Find out about number and TNM staging and the grades and types of prostate cancer.
Stages of cancer
The stage of a cancer tells you how big it is and how far it’s spread. It helps your doctor decide which treatment you need.
The tests and scans you have to diagnose your cancer give some information about the stage. Sometimes it’s not possible to be certain about the stage of a cancer until after surgery.
Doctors can use a number system or the TNM system to stage your cancer.
Types of prostate cancer
The type of prostate cancer you have tells you the type of cell that the cancer started in. Knowing this helps your doctor decide which treatment you need.
Adenocarcinomas are cancers that develop in the gland cells that line the prostate gland. They are the most common type of prostate cancer. Nearly everyone with prostate cancer has this type.
Ductal adenocarcinoma starts in the cells that line the ducts (tubes) of the prostate gland. It tends to grow and spread more quickly than acinar adenocarcinoma.
Transitional cell (or urothelial) cancer
Transitional cell cancer of the prostate starts in the cells that line the tube carrying urine to the outside of the body (the urethra). This type of cancer usually starts in the bladder and spreads into the prostate. But rarely it can start in the prostate and may spread into the bladder entrance and nearby tissues.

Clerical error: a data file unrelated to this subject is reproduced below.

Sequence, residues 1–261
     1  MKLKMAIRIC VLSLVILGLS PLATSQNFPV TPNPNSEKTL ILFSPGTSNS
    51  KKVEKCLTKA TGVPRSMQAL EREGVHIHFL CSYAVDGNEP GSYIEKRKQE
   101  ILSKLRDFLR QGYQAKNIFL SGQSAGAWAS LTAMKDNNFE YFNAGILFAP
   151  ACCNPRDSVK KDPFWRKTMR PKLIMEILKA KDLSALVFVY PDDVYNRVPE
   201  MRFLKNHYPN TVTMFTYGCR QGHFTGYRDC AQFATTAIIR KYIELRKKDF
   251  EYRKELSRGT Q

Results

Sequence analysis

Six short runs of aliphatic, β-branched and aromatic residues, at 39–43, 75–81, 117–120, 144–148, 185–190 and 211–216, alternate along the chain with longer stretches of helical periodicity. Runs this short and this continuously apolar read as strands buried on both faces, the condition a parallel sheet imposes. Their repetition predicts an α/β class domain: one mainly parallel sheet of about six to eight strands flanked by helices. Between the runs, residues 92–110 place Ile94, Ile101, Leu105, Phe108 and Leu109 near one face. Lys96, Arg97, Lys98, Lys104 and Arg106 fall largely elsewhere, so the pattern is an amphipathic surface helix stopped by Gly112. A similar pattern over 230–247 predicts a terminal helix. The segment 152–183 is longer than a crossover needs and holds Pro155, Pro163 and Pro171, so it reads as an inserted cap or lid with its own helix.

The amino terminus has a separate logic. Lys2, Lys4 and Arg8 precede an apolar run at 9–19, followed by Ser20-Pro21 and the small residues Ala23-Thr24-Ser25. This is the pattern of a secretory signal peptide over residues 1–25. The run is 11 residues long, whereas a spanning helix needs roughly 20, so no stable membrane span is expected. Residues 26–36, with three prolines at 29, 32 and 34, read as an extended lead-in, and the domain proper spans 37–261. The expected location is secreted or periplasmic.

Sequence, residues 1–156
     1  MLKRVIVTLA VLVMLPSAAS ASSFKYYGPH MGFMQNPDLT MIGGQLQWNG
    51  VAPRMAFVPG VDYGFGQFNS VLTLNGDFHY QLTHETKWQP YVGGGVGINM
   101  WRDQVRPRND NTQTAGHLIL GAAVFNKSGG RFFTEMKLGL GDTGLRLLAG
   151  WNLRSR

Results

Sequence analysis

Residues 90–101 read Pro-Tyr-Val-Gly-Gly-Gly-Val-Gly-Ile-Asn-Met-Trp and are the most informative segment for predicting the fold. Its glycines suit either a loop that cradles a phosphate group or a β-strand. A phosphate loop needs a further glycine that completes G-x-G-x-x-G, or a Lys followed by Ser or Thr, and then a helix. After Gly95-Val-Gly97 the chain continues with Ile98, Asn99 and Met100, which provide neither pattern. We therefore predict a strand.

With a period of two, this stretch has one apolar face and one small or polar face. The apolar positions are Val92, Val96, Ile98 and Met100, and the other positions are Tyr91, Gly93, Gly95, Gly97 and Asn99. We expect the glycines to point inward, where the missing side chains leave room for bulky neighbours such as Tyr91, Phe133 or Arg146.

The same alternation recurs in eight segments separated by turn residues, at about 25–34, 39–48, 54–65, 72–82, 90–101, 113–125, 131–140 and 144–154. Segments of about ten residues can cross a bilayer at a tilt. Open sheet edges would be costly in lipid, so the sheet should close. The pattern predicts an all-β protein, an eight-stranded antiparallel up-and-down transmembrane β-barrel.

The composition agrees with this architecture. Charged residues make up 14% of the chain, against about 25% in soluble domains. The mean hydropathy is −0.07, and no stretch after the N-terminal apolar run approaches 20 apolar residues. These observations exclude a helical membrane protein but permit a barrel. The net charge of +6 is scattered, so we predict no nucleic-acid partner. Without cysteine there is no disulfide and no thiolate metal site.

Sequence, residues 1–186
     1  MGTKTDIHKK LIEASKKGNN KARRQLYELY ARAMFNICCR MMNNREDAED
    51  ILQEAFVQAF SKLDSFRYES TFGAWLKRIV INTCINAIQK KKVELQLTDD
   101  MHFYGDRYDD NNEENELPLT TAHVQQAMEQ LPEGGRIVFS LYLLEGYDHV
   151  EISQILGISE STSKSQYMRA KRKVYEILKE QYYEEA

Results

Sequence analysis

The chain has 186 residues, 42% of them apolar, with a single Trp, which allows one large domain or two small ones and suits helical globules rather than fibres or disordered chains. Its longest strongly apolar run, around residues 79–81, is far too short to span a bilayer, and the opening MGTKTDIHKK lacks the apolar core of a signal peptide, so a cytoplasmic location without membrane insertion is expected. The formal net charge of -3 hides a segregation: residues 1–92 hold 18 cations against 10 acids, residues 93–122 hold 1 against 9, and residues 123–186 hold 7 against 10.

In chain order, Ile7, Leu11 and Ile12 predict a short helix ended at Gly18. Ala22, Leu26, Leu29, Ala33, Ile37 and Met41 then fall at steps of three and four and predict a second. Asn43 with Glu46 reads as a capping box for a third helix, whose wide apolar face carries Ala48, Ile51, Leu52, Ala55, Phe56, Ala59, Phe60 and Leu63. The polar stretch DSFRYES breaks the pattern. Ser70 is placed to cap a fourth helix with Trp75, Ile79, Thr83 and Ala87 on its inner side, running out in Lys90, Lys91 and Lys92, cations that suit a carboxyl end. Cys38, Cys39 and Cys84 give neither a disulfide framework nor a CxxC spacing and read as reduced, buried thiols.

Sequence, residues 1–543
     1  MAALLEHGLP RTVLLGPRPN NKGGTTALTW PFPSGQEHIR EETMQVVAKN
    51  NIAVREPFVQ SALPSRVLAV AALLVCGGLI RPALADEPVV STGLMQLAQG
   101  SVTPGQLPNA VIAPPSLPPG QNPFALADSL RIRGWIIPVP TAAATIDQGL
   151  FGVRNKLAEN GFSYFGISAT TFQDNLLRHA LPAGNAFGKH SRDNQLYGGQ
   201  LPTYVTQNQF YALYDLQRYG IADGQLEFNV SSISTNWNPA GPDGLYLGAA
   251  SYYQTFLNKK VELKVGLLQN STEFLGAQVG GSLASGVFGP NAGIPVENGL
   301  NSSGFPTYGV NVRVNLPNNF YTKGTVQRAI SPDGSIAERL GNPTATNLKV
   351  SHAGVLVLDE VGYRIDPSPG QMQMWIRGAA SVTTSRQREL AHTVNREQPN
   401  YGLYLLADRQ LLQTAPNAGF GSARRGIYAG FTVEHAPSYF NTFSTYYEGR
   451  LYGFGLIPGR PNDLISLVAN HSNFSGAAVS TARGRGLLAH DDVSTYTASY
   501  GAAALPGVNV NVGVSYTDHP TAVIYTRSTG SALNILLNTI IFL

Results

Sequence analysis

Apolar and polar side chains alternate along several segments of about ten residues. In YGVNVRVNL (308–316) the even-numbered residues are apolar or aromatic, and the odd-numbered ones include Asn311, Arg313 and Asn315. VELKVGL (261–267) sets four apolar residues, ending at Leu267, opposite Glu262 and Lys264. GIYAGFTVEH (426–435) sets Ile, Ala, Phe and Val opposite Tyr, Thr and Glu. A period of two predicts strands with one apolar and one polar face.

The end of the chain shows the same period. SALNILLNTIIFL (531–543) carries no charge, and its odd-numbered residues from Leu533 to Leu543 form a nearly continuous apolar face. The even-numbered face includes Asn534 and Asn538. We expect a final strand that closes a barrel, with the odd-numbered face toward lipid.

Squamous cell cancer
These cancers develop from flat cells that cover the prostate. They tend to grow and spread more quickly than adenocarcinoma of the prostate.
Small cell prostate cance
Small cell prostate cancer is made up of small round cells. It’s a type of neuroendocrine cancer.
Other rare cancers
Other rare cancers can develop in the prostate, these include:
Grades of prostate cancer
The grade of a cancer tells you how much the cancer cells look like normal cells.
The grade gives your doctor an idea of how the cancer might behave and what treatment you need.
Doctors use the Gleason system to grade prostate cancer. They look at several samples of cells (biopsies) from your prostate.
A pathologist grades each sample of prostate cells from 1 to 5.
- Grade 1 and 2 are thought of as normal prostate cells.
- Grade 3 to 5 are cancer cells, with grade 5 being the most abnormal.
The pathologist works out an overall Gleason score by adding together the 2 most common Gleason grades.
So for example, if the most common grade is grade 3, and the second most common is grade 4, then the overall Gleason score is 7. Or they might write the scores separately as 3 + 4 = 7.